Robert Nathaniel Dett saw spirituals as a source of American music
Rhapsody in Black - Robert Nathaniel Dett
Composer Robert Nathaniel Dett, who lived until 1943, was a collector and preserver of spirituals, and he saw the music as a rich and artistic source of melody for American music. When he heard the music of Antonín Dvořák and Samuel Coleridge-Taylor for the first time, Dett was drawn to the way their melodies reminded him of the spirituals his grandmother, a former enslaved woman, had sung to him. Here's what he said about it:
We have this wonderful store of folk music—the melodies of an enslaved people … But this store will be of no value unless we utilize it, unless we treat it in such manner that it can be presented in choral form, in lyric and operatic works, in concertos and suites and salon music, … music which will prove that we, too, have national feelings and characteristics, as have the European peoples whose forms we have zealously followed for so long.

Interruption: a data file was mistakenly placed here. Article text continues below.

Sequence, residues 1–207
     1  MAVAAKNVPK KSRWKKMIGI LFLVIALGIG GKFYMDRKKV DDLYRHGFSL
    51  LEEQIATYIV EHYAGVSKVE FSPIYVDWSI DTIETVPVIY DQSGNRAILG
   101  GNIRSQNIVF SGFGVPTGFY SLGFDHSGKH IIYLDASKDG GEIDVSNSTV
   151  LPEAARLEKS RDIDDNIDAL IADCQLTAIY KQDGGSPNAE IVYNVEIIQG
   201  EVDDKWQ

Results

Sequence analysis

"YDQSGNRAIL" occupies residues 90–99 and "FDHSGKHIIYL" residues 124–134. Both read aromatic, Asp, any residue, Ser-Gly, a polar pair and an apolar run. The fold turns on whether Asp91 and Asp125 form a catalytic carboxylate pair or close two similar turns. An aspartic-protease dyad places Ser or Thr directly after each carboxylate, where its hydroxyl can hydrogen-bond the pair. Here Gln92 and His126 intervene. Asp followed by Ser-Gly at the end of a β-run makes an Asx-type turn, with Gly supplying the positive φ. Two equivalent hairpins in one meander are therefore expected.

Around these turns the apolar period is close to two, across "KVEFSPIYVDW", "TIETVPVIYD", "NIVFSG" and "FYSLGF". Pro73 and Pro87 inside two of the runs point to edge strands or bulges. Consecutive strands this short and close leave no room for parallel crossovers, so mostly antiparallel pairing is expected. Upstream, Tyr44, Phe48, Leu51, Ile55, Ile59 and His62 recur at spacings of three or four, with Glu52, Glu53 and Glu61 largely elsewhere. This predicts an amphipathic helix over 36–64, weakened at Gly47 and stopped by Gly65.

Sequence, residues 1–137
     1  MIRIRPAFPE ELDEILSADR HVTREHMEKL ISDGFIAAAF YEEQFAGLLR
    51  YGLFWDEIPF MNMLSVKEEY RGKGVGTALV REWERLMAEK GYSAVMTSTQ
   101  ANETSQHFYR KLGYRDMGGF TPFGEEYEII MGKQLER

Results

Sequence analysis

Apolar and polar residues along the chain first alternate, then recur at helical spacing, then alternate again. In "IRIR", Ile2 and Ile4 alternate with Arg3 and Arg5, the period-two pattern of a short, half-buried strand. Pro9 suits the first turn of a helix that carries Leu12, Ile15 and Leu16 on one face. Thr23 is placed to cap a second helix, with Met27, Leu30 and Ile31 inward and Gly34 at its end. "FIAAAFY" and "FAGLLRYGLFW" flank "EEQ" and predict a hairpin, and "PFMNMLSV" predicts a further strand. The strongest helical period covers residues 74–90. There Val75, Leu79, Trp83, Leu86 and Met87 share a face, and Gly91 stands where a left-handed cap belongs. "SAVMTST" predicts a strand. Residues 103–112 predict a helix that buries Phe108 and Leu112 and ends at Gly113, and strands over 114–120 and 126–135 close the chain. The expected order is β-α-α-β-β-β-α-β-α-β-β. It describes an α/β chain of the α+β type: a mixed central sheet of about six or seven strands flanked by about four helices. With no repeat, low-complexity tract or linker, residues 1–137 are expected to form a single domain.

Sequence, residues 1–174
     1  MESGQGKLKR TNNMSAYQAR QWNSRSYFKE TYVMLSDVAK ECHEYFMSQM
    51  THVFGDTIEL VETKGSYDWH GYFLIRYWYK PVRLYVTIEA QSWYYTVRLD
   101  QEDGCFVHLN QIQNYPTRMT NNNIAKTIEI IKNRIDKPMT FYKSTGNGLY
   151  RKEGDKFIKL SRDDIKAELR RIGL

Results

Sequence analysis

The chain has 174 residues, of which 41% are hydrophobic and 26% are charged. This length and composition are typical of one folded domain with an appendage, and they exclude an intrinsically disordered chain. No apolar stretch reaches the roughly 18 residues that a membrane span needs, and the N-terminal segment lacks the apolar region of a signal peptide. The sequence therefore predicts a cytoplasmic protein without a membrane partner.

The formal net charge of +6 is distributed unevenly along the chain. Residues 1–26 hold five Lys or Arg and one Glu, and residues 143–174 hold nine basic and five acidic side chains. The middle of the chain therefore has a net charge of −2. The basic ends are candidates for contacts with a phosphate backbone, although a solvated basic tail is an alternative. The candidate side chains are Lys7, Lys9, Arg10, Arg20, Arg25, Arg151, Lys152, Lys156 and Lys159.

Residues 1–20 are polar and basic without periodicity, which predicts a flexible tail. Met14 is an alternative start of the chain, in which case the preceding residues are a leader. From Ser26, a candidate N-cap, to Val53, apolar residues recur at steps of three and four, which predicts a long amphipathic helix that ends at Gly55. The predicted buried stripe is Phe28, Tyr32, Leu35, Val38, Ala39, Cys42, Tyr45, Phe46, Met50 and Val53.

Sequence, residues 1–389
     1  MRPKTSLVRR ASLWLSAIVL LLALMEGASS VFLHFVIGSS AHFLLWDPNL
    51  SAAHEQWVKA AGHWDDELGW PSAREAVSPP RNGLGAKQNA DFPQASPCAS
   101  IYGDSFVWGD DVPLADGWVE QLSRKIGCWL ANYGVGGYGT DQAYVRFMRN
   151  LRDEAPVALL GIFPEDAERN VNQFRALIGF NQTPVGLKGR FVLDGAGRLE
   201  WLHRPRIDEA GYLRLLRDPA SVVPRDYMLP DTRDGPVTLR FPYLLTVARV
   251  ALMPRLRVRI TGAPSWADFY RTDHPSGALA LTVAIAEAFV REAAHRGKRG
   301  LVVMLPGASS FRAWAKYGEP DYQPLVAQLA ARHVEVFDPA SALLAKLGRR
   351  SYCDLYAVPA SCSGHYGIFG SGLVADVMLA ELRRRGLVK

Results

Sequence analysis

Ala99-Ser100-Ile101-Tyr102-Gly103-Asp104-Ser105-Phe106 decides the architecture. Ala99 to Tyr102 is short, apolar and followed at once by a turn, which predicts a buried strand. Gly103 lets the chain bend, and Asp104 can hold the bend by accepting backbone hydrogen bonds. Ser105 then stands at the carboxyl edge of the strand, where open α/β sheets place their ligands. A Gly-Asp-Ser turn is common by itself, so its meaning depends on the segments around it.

Musical selections from Robert Nathaniel Dett
In the Bottoms
In the Bottoms is a piano suite consisting of five movements. Each movement in the suite includes expressions of African American folk songs, portraying unique scenes from the Black community in the American South’s River Bottoms region.
Son of Mary
Originally published by the John Church Co. in 1926, this song is based on a traditional Negro melody from Dett’s collection.
The Ordering of Moses
This oratorio is a retelling of Moses leading his people to the promised land. It was premiered in 1937 by the Cincinnati Symphony Orchestra and May Festival Chorus, but broadcast never finished due to technical difficulties.
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